Five things to know about expense ratios of mutual fund schemes

Five things to know about expense ratios of mutual fund schemes

Mutual funds acquire various costs to manage your money. These cover fund management, custodian, registrar & transfer agent costs, marketing expenses, commissions payable, and other recurring costs. The expenses under different heads are aggregated into a single figure and are required to the scheme as a percentage of the assets managed. This is termed as the total expense ratio of the system.

How much are MFs allowed to credit?

While the equity funds can carry up to 2.25 percent, non-equity schemes can charge up to 2 percent as a base price ratio. This expense ratio is to be brought down as assets under administration (AUM) increase, according to the slabs appointed by the Securities Exchange Board of India (SEBI). Exchange-traded funds filling in indices and gold cannot kevy more further than 1 percent as base TER. Fund of funds container charges more than 2.25 percent, including the expense ratio of the underlying equity schemes. In the case of fund of funds financing in bond funds, the TER cannot exceed 2 percent including the expense ratio of the underlying systems. Funds are also allowed to charge an additional 30 basis points towards costs if they get inflows from beyond the top 30 cities in India. Goods and services tax is required over the base expense ratio.

Other factors resting the same, a higher expense ratio means lower returns for investors.

The expense ratio is effective

TER is a number displayed as a percent of the daily assets of the scheme. It is made obtainable on the website of the mutual fund and also in the fact sheet. Fund houses can improve the expense ratio periodically. Many a time, fund houses offer a low-cost ratio to bring investors when the scheme is launched and the same is increasingly hiked within the limit prescribed by the SEBI after a track record is established.

When the expense ratio is raised, the same needs to be communicated to investors at least three days before such a difference, by sending an email or SMS.

Charges differ: Active vs Passive and Direct vs Regular

Regular plans of the mutual fund schemes are marketed by distributors and the TER of these schemes factors in the commission owed along with other expenses. The TER of a direct scheme does not have this commission element and hence charges a lower TER compared to a regular plan. If you are a ‘do it yourself investor’ and can determine the right schemes, then you can consider buying in direct plans.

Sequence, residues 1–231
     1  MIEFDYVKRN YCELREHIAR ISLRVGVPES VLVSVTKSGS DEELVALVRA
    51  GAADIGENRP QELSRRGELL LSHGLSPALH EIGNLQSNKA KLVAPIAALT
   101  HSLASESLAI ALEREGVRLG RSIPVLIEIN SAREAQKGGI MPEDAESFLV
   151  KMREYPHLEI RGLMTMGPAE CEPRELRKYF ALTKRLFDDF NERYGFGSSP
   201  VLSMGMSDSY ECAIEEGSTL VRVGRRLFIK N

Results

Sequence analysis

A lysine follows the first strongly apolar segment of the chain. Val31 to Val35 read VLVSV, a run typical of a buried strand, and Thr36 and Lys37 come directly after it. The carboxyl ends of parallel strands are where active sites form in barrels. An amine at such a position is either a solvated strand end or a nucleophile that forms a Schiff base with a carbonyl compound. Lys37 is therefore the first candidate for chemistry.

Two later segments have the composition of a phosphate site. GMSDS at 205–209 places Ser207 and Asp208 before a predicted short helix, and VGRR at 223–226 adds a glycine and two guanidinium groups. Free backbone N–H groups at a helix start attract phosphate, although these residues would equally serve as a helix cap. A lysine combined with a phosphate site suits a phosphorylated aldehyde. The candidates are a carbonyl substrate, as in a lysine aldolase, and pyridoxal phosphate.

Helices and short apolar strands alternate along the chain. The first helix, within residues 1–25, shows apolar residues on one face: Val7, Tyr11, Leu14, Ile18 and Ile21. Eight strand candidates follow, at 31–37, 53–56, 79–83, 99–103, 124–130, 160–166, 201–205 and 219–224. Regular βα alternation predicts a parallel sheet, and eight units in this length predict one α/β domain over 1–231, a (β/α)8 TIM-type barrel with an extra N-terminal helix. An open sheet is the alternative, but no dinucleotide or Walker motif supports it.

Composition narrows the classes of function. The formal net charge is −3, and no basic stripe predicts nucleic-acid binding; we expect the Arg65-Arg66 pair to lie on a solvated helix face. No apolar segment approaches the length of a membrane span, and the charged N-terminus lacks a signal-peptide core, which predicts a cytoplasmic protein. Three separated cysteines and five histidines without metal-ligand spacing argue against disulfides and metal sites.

Actively managed funds charge higher than passive schemes. Exchange-traded funds reflecting the widely followed index – Nifty 50 – charge as low as five support points.

Investors, however, should not apply all passively managed products with the same colour. ETFs tracking thematic indices may require more. 

Returns after rates matter

A few years ago, when the investors were hunting high yield credit risk funds, they ignored the high rates. It appeared in almost similar returns as compared to other low yield high-quality debt funds such as corporate bond funds and banking & PSU bond funds, which required much less.

For instance, if a bond fund has a portfolio yield of 5.5 percent and the expense ratio stands at 75 basis points, then the required return stands at (5.5 minuses 0.75) 4.75 per cent.

Fund houses have started multi-asset funds and other commingled funds that invest in multiple asset classes. In such circumstances, the TER of the scheme needs to be checked in the context of conventional returns. Debt oriented hybrid funds have become unattractive given their essential expenses and low expected returns.

When an investor knows the right asset allocation for him and has the system to stick to it, he should do so on his own by choosing the right mix of bond and equity schemes. This helps to save on costs, and boost profits,” says Rupesh Bhansali, head of mutual funds, GEPL Capital.

Expense ratio and investment arrangements

Though the expense ratio of a mutual fund system is important, it cannot be the sole foundation for choosing an investment. “What if you are on a fund charging low expense degree and it doesn’t deliver the desired outcome,” asks Ravi Kumar TV, author of Gaining Ground Investment Services. “Though the last few years have been exciting for many actively managed funds, they are supposed to come back in the current environment and investors will move back to actively survived funds soon. In addition to expense ratio, investors need to recognize other costs such as taxes,” he adds.

While assessing passively achieved funds, the expense ratio plays a crucial role. In debt funds, check for the fund manager’s capacity to manage both credit and interest rate risks, amongst other factors.